My name is Niall Twomey, and I'm a postdoctoral researcher on machine learning and data mining.
I will be updating this site regularly with posts/tutorials about my research, machine learning, and my publications. Additionally, I have added some projects that I have worked on under the "projects" tab on the navigation bar. These generally are either of personal interest to me, or they are associated to some software I have published on GitHub.
Since 2013, I have been a postdoctoral researcher in the SPHERE project at the University of Bristol, in the Department of Electrical Engineering, where I am also associated with the Intelligent Systems Lab. We work very closely with the Universities of Reading and Southampton, and we also have close ties to industry, including IBM and Toshiba. My research in the SPHERE project is on human-centred activity recognition for behavioural pattern detection for the purposes of healthcare assessment, and my day-to-day research is on structured prediction, transfer learning, active learning, and classifier calibration. Quantification of uncertainty underpins most of this research, and I find the Bayesian framework particularly elegant for this, and I am particularly emphatic about the need for sensible visualisation for theoretical and practical understanding of machine learning.
In 2012, I was a postdoc in the Embedded Systems Laboratory in the Department of Electronic Engineering at University College Cork where I was involved in designing, building and implementing body-area-network devices, digital signal processing algorithms, and machine learning in online, autonomous systems. My PhD research (2008-2012) was funded by an Enterprise Partnership Scheme between Intel and the Irish Research Council for Science and Engineering Technology (IRCSET), and I collaborated quite extensively with the Department of Paediatrics and Child Health for data collection. The objective of my research was to design and test the applicability of machine learning and artificial intelligence in the detection and prediction of pathological signatures of food allergy from cardiac physiology.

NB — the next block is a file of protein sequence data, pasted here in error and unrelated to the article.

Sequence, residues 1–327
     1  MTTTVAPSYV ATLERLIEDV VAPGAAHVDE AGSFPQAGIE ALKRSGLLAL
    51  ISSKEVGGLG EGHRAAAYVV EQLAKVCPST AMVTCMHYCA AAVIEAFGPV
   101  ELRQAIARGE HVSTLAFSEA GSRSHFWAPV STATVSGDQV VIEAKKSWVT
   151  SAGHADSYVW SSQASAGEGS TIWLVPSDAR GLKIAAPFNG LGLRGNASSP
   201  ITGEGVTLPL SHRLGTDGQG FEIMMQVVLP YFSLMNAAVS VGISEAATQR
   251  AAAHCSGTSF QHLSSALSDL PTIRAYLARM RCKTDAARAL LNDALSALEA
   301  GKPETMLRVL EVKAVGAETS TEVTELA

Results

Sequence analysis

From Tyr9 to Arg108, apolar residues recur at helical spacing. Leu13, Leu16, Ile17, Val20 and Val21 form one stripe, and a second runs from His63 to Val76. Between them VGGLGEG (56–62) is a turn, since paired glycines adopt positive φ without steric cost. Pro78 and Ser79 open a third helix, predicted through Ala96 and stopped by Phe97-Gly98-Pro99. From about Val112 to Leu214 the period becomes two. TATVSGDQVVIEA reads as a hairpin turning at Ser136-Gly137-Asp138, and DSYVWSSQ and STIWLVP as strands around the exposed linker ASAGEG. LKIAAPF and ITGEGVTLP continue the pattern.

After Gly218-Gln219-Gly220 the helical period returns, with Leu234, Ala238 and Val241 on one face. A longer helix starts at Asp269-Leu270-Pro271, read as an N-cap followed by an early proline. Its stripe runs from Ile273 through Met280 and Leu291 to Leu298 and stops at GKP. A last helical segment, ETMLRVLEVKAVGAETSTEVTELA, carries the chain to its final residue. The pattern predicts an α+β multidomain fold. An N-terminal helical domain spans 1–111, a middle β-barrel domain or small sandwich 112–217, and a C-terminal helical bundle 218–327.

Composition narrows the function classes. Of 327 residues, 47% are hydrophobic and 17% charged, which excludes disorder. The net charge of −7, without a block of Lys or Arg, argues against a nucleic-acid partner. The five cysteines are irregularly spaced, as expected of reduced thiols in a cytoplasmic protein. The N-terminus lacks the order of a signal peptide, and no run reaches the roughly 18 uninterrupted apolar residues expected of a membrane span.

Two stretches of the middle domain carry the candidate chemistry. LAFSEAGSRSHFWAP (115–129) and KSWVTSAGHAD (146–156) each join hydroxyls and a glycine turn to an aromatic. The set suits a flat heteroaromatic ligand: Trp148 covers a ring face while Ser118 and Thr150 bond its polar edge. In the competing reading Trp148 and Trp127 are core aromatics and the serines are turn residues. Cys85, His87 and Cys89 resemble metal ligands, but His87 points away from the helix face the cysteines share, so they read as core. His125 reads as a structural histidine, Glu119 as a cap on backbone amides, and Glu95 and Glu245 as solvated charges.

For those interested, the reason for selecting "otuama" for my web domain was due to the seeming absence of "twomey"-based domains names. Fortunately, "Ó Tuama" is the word for "Twomey" in the Irish language, and there were still some of these available.